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Insurance Bad Faith – What Is It Exactly?

Insurance bad faith, also called insurance fraud, is a term that refers to the mistreatment consumers and businesses get from their insurance companies. It is often used in situations where an insurance company refuses to pay out a settlement to an insured individual or entity.

Insurance bad faith unfortunately occurs ever so often. A lot of insurance companies make use of statistics to know how much they need to pay out, depending on particular circumstances. Even if an insured person is entitled to a certain amount of cash, the insurer may still not want to pay it in full. The individual or entity either accepts the decision of the insurer or goes to court for bad faith.

Three of the most common scenarios involving insurance bad faith are:

> insurer denying an insured party all the benefits stated in the insurance policy;

> insurer offering less compensation than what the policy guarantees; and

> unjustified delays in payment to insured.

Every insurance contract comes with a “covenant of good faith and

fair dealing,” which may be implied or directly stated. That means the two parties, the insurer and insured, have to comply with all the terms of their contract.

This contract provides that the insurance firm should fully compensate the insured party in timely fashion under appropriate circumstances; otherwise, the company is considered to be in violation of the covenant of good faith and fair dealing. In some states, there are statutes or other regulations that govern bad faith by insurance firms.

When these companies exhibit bad faith, they can be subject to statutory damage, punitive damages and penalties imposed by the government. Bad faith claims are affected by different laws in different states, so anyone dealing with related issues with their insurers must talk to a lawyer.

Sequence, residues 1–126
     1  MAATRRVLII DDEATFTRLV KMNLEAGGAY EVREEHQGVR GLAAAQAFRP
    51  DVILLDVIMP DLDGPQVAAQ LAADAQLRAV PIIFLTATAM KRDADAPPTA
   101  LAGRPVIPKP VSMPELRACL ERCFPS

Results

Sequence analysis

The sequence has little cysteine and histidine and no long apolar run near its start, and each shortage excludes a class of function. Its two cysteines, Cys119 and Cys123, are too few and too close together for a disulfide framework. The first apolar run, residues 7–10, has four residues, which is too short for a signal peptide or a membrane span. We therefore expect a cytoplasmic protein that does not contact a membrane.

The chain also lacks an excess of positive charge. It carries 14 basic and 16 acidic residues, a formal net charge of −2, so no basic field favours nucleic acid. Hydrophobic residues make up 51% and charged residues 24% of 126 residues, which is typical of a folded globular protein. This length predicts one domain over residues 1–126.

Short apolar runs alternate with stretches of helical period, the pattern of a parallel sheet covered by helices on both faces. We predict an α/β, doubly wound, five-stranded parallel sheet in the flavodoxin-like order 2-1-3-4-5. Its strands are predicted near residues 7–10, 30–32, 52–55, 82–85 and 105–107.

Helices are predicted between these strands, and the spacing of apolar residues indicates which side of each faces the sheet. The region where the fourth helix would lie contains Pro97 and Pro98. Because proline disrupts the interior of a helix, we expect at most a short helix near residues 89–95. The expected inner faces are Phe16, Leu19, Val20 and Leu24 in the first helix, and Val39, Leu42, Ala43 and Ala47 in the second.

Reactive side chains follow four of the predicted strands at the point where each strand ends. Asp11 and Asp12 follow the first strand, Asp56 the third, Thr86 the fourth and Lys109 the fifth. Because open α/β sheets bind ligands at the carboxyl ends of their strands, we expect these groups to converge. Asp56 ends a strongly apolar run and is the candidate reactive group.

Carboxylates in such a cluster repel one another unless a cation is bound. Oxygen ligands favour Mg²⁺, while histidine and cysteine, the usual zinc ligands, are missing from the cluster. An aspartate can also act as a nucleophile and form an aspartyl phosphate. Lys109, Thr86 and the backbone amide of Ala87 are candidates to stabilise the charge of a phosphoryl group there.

The bad faith damages paid by insurance companies are different, depending on the jurisdiction. Generally, the damages will be equivalent to the compensatory damages an insured party would have received from the insurer a non-bad faith setting. In several states, punitive damages, or damages meant to punish an insurer for bad conduct, also apply. In some states, punitive damages come under a cap, but not in other states where there are no limits. With insurance fraud or bad faith being complicated and thus confusing, anyone who may want to court because of such experience must seek a lawyer’s help.

This type of case is usually accepted by an attorney on a contingency basis. That means the attorney will not be paid from the client’s award of damages, but rather from the damages that the insurer will have to pay the lawyer in a separate judgement.

If you think your insurer has acted in bad faith in relation to your policy claim, your first step is to see an insurance lawyer who can define the steps you must take.

Jason Brown

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